The PerfectsBy admin • May 14th, 2009 • Category: By Julene Paul, Featured Review 2, Reviews
These days, to do anything in earnest is to run a risk; if the effort fails, critics can more easily mock something done sincerely than anything done ironically. The Perfects, a dance-rock band from Baltimore, Maryland, seem to have created an album, Future Automatic, in earnest. Like Joy Division, Gang of Four, The Faint, and Cut Copy before them, The Perfects merge broodiness with dance beats. On Future Automatic, the seven songs are tightly produced by Nic Hard (producer of The Church, Aberdeen City, The Bravery). Future Automatic is filled with dark, serious dance tunes that run the gamut from break-up ballads to loving odes to an angel.
Future Automatic begins with “End Of Us,” a dark, brooding song about romantic woe. The Perfects tackle the break-up song with the usual amount of angst, but the song’s catchy beat and sing-a-long chorus rescue it from the same old, same old. “Come Down” has a very similar dance beat to “End Of Us,” and retains the tone of dark, Robert Smith-inspired dance rock. “Because Of You” seems to echo Orchestral Manoeuvres In the Dark’s classic ‘80s opus “If You Leave.” A cheesy but addictive ‘80s band seems a good point of comparison for The Perfects – their lack of self-consciousness is what allows them to produce such nuggets of easily likable, listenable music.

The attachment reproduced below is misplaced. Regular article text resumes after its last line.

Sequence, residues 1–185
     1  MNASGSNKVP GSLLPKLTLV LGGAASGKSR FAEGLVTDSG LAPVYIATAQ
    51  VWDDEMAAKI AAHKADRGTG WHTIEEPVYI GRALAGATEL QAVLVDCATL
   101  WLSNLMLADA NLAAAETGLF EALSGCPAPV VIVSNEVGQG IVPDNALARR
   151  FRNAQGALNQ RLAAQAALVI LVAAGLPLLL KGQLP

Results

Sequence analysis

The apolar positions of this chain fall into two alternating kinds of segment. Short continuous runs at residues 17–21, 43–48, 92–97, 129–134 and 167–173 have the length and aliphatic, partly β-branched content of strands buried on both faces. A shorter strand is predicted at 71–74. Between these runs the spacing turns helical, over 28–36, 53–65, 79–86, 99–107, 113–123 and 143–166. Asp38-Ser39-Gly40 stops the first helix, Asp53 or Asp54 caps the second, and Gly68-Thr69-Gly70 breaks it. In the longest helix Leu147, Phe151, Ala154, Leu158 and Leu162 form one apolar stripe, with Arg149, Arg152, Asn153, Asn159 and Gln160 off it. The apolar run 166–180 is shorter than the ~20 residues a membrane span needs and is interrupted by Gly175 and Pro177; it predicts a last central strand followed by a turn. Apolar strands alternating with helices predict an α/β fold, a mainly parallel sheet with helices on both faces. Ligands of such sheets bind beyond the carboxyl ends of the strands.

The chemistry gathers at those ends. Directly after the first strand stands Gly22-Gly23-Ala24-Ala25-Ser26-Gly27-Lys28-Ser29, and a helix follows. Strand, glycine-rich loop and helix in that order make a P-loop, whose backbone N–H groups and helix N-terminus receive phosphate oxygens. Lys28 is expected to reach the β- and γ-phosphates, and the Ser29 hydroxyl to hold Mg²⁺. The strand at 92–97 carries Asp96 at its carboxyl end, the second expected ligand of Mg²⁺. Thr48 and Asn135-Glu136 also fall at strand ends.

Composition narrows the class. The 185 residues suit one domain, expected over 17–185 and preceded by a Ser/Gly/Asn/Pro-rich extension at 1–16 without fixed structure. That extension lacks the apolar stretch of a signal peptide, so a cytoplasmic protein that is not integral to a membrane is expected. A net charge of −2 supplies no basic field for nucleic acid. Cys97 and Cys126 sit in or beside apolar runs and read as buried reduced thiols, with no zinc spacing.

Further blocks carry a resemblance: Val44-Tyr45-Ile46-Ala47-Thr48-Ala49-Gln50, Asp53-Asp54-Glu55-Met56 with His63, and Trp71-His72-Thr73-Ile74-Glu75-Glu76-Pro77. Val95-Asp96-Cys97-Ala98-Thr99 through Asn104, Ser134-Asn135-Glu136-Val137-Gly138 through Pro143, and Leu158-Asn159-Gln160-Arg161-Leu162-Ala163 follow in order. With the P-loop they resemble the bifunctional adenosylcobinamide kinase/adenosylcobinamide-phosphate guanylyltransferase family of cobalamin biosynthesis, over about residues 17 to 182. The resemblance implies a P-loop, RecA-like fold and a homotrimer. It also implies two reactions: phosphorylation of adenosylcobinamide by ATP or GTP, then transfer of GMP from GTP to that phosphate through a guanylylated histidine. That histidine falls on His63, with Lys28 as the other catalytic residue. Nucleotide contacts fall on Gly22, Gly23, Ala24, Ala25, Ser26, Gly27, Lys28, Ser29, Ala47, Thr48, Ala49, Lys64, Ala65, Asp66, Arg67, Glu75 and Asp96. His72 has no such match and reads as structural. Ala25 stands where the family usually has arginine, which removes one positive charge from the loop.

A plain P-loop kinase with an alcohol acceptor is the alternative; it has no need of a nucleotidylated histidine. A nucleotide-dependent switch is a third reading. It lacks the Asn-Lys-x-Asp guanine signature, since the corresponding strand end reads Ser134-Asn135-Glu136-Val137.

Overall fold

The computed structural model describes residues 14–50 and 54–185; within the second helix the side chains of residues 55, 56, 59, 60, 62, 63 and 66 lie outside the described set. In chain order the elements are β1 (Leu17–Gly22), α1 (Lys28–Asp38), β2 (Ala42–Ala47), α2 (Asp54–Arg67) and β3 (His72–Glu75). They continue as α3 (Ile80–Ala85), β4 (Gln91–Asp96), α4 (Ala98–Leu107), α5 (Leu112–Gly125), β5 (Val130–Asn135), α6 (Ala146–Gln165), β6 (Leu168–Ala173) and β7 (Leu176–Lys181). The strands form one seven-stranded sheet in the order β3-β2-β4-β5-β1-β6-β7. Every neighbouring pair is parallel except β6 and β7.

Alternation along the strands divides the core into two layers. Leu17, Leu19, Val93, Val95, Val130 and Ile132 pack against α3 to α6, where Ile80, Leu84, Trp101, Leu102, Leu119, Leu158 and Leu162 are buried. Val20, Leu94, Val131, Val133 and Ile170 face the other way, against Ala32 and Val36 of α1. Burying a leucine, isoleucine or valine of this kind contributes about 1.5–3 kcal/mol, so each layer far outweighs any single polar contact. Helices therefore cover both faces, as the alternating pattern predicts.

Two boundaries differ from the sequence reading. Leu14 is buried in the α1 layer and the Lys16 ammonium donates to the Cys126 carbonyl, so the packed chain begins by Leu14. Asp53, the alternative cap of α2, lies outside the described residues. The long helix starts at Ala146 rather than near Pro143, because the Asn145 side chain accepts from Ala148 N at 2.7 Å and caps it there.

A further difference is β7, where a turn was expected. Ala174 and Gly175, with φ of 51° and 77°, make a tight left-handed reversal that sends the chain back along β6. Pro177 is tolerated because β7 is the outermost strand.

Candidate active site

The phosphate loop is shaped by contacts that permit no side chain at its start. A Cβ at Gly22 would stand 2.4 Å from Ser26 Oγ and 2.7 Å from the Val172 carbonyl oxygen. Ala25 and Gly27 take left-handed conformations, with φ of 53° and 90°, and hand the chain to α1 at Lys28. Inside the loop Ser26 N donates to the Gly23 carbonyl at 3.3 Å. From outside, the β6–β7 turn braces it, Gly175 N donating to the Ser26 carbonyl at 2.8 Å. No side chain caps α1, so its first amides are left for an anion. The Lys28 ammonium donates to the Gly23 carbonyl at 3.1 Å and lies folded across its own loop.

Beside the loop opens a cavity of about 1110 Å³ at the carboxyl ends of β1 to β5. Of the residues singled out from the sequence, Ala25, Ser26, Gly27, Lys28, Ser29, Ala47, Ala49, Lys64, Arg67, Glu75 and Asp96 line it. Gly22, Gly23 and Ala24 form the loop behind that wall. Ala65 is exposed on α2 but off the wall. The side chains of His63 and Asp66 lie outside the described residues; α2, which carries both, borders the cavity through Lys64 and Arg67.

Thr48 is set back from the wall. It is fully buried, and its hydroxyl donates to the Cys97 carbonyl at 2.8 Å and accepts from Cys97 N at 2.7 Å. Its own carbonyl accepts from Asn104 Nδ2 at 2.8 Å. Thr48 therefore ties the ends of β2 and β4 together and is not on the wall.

The Perfects hit a stride with “When I Cared.” The song sounds like the B-side to “Somebody Told Me,” one of the best tracks ever produced by The Killers. “New Life” begins with an electronic arrangement worthy of Kraftwerk. The song is not pretentious ‘70s art rock, but instead, it’s radio-friendly dance-pop, reminiscent of The Bravery. On “The Hidden,” The Perfects demonstrate their rock influences, leaning toward the guitar-hero side of radio rock. The closing track, “Darling Angel,” has the band finally emerging from their cocoon of brooding anger. On “Darling Angel,” the band allows themselves a little bit of joy, and the soaring melodies are a welcome reward.
With Future Automatic, The Perfects haven’t invented a new genre, or changed the world with a new conception of pop music. But Future Automatic is solid, fun, and incredibly catchy- and all seven songs bear the mark of pop genius. – JULENE PAUL